More than one residence of the Romorini Family won Queens Chamber of Commerce Awards, but this one is no longer extant. Largely altered at this time of this survey, the standard two story house with attached garage was gutted down to the frame and the brick, stone, and wood facade removed. The property exists on a quiet cul de sac abutting the campus of the Queens Chamber award-winner Cathedral College.
Now demolished, the Leroy Adams Residence was built to highlight the increasing need for residential construction for low and middle income families. Built on a small lot, the house was incredibly basic, a concrete slab base, 4 1/2 rooms with additional attic space, a shingle exterior, and asphalt shingle roof. The original sale price was $9,750. Today the site includes a slightly larger more recent structure, although two houses away still exists a small dwelling that could be the Leroy Adams Residence’s twin.
This residence was a product of the era, an L-shaped structure on a large corner plot with an unusual low asphalt-shingle roof that included a dome shape with three octagonal windows over the central entrance. These windows overlooked an open cathedral-style entrance and a spiral staircase for access to the second floor. The awards description also states that all rooms led off the central hallway like spokes on a wheel. The main living space also included a sunken living room with floor to ceiling windows. The exterior was clad in Sayre and Fisher brick, a longstanding brick manufacturer from New Jersey that experienced a resurgence in popularity in the 1960s but closed in 1970. The Capanegro residence was demolished in 2004 and replaced by two McMansions.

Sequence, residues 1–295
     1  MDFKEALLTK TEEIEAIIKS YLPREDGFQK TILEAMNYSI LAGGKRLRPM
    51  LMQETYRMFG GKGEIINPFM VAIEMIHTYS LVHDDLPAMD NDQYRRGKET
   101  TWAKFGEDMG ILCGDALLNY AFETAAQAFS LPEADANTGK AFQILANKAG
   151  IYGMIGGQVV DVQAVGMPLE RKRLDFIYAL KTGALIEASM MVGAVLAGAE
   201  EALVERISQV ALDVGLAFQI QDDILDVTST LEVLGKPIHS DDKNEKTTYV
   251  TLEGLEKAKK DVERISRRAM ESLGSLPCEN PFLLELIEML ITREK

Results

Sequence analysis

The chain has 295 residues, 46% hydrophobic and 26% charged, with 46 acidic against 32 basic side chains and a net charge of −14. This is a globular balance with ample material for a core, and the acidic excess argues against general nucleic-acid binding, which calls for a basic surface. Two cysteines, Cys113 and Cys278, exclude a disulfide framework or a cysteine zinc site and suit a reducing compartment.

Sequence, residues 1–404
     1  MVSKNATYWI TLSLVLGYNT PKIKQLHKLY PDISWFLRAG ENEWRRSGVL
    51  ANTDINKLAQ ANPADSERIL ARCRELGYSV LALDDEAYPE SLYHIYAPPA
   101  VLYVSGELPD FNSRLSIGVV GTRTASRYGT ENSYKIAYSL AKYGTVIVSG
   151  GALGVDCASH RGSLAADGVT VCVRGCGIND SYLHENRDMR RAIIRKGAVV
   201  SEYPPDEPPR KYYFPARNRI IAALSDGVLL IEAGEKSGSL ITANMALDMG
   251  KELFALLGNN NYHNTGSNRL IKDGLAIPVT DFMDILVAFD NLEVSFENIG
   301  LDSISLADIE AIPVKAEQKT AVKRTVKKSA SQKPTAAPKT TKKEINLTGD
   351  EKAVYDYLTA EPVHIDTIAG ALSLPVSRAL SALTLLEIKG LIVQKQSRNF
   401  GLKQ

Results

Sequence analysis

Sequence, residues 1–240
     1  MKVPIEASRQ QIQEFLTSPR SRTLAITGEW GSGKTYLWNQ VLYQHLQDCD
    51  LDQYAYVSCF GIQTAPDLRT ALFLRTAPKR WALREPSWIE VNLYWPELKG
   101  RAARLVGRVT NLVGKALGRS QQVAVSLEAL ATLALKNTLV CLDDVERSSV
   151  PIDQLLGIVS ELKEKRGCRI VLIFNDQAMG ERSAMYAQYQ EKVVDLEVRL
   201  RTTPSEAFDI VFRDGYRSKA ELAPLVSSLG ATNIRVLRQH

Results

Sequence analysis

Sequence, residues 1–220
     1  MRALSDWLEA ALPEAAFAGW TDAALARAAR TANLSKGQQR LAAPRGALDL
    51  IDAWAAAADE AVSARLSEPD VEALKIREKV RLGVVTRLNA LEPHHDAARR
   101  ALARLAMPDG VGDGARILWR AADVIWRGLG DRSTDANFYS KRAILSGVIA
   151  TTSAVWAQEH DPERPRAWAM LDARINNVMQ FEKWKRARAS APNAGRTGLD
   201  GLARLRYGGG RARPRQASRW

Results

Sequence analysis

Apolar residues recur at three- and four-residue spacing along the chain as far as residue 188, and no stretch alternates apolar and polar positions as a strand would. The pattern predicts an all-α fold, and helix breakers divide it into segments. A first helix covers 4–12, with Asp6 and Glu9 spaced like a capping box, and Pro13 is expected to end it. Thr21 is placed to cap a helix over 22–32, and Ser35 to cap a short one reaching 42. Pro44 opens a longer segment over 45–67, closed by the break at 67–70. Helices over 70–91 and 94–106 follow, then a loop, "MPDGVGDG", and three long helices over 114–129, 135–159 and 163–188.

Like much of Simeon Heller’s body of work, the Stein residence is now gone, falling to the larger McMansions that have developed in Beechhurst. The original house had a contemporary flair, with a central recessed and raised entrance flanked by a double height all glass living space on one side and a second floor about a two car garage on the other.
Sited at the top of a steeply sloped street, the house is essentially built into the side of a hill. There is a two car garage under the house and living spaces above with the private space at the back of the property. The entrance is tucked away into the corner L of the building. The entire exterior is covered in natural redwood with some stone veneer at the base.